12:01 AM, May 05, 2014 / LAST MODIFIED: 01:53 AM, March 08, 2015

The people feel vulnerable

The people feel vulnerable

Brig Gen Shahedul Anam Khan ndc, psc (Retd)

Experts are of the opinion that of all the threats to a nation's security, the greatest stems form the state itself. And that is so because of what the state does or fails to do. More specifically, it is what the government, which runs the affairs of the state, does and does not do primarily in respect of the safety of its citizens, which poses the greatest threat to a state. Needless to say, in recent times it is the safety of our citizens that has come under severe strain, given the occurrences of the last few weeks.  
What has become brazenly clear is that the instruments/agencies of the government that are supposed to be the primary provider of physical security and that which in turn inculcates the sense of safety in an individual, has been utterly deficient in doing so.  
While it has become amply clear that the state has lost its monopoly of coercion, and the non-state actors have assumed equal, if not more, expertise and strength to coerce the public, it seems that the state is willy-nilly losing its capacity to provide security to the people, which only it can do.
While we have been witnessing the continued culture of political intolerance, violence in the society and lack of accountability at all levels, culture of mutual blame game, what has hit the very fundamentals of good governance is the slide in law and order in the country.
It is atrocious when the administration launches into statistics and number crunching in trying to defend the increasing slide in law and order or trying to lessen the gravity of the situation by smugly suggesting that the incidences of abduction are restricted to only a few areas of the country. Severity of a situation is not correlated to the number of occurrences of a particular incident.
The recent spate of abductions and the general condition of law and order has severely sapped public confidence in the state agencies because of the demonstrated efficiency or lack of it, of the law enforcing agencies to tackle the phenomenon of abductions. And there cannot be a worse situation than when the action or inaction of the agencies, in certain cases, is perceived to have been responsible for the incident or as being complicit in the crime.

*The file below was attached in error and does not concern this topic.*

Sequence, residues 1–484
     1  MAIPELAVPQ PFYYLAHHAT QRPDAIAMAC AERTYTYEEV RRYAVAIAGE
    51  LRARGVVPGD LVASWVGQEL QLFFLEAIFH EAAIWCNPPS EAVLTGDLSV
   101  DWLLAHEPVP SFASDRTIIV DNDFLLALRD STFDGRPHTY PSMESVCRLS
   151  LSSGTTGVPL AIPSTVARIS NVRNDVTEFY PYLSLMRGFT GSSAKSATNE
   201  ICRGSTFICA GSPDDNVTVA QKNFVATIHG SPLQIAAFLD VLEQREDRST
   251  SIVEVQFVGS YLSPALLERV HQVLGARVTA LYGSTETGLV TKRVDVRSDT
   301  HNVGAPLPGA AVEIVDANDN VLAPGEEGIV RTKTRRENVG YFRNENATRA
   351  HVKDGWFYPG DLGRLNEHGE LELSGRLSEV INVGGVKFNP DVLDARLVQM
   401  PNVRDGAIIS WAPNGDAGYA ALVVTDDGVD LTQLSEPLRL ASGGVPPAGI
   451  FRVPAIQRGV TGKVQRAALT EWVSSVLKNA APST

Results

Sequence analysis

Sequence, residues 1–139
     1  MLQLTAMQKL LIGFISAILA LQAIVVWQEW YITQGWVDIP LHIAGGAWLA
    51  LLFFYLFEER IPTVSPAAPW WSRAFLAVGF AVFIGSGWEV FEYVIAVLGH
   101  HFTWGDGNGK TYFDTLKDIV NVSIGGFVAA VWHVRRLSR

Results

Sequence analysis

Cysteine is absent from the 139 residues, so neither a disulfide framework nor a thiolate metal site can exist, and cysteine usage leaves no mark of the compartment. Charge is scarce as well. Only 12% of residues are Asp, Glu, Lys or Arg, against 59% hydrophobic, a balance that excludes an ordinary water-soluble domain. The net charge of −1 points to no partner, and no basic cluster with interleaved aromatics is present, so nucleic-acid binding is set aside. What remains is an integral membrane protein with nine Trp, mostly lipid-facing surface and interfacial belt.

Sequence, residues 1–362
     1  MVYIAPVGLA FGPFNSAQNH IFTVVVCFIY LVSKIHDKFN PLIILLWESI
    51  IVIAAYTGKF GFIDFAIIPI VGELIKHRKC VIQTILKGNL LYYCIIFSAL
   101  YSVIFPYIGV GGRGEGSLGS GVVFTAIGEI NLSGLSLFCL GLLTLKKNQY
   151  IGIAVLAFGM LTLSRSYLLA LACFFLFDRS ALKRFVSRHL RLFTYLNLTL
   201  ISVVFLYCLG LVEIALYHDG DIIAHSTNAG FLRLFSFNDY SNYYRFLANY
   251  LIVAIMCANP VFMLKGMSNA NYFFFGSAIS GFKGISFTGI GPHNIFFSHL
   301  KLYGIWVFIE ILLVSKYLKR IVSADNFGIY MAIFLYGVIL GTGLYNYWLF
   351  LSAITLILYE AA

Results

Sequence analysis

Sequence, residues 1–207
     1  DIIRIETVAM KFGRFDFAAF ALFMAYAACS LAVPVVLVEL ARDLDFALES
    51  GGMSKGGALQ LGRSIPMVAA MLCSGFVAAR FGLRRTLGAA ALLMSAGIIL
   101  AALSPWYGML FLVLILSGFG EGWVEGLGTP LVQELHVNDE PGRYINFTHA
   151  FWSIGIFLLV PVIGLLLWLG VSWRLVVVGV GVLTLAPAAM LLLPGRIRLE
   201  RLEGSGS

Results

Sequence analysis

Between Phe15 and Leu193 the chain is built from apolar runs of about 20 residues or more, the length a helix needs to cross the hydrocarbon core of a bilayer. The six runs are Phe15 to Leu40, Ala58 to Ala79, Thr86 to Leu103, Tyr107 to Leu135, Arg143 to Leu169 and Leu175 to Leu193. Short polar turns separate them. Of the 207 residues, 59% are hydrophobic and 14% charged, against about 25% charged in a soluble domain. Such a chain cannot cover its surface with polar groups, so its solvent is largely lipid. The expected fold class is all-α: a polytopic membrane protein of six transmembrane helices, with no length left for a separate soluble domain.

Look at the way the Narayanganj abduction and killing of a councilor, his associates and a local lawyer was handled. It is very difficult to understand how come the two vehicles of the unfortunate victims came to be a hundred kilometers away from the scene of occurrence. To mange to traverse a very busy highway with innumerable bottlenecks without being noticed by the police requires a Houdini act. With so much of technical developments it is hard to believe that the police were not alerted in the three to four hours that it must have taken the vehicles to travel from Narayanganj to Hotapara in Ghazipur.  
It seems that the police visited the house of the prime accused after considerable deliberation, almost a week after the abductions. Why so? The justifications of police officials are garbled. What will a sane person make of the police statement justifying the delayed search of the premises of the prime accused Noor Hussain, that they did not conduct the search earlier because they were not sure if the alleged accused was there. So, were they sure that he was there when they conducted the search three days after the bodies were discovered? And what criminal would keep incriminating evidence inside the premises, that too as a big as a microbus, unless he had some sort of assurance.  
Will the public be remiss to ask if the delayed action was deliberate, dictated or simply police incompetence? There is lot in what a police official said when asked why the police are quiet in these matters even when they know the truth. He said he may himself be a victim of abduction were he to delve into these matters.  
The government says that these incidents are the work of the opposition to malign it. That may be so, but in the case of the seven killings, it must have taken a very clever person from the opposition to convince an Awami League supporter in Narayanganj to abduct and kill another AL supporter and his associates in order to malign AL!
There is a serious deficit of good governance at the moment. The fruits of good governance are the freedom to feel safe, to fulfill ones basic needs, to express peacefully without fear of death or incarceration, and a raft of other preconditions that make one's life worth living, of course all within the bounds of the legal norms.  We hope the government will act to ensure these.

The writer is Editor, OP-ed and Defence & Strategic Affairs, The Daily Star.


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